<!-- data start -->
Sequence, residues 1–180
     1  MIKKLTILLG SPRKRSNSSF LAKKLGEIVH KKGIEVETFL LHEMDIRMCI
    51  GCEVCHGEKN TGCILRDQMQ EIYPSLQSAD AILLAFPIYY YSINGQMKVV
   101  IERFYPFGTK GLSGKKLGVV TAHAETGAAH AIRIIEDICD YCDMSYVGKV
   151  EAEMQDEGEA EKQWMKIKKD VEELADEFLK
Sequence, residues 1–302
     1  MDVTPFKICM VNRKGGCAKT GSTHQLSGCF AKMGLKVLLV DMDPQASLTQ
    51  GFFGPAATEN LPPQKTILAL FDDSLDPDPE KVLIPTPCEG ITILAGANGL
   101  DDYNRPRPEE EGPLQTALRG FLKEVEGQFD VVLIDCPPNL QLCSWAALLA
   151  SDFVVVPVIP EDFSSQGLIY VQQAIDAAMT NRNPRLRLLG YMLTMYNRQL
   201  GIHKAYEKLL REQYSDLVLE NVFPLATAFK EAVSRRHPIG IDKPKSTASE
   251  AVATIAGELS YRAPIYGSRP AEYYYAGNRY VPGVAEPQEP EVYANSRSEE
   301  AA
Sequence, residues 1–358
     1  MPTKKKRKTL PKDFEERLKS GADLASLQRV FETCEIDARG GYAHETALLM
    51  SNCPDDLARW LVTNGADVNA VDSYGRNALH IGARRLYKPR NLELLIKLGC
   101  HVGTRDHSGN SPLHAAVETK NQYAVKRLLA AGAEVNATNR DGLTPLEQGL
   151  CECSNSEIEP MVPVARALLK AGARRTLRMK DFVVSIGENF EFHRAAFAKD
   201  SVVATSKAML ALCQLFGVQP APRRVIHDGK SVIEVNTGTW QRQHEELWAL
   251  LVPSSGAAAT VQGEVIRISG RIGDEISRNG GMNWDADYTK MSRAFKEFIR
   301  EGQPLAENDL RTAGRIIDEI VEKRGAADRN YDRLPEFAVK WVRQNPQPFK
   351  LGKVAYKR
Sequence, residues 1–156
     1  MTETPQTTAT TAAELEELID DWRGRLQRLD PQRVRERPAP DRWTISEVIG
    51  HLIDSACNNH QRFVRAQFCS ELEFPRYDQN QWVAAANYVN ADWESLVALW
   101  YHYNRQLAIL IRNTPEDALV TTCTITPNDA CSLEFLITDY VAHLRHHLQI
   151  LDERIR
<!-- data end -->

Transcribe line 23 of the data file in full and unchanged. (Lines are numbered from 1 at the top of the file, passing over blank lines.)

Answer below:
Sequence, residues 1–156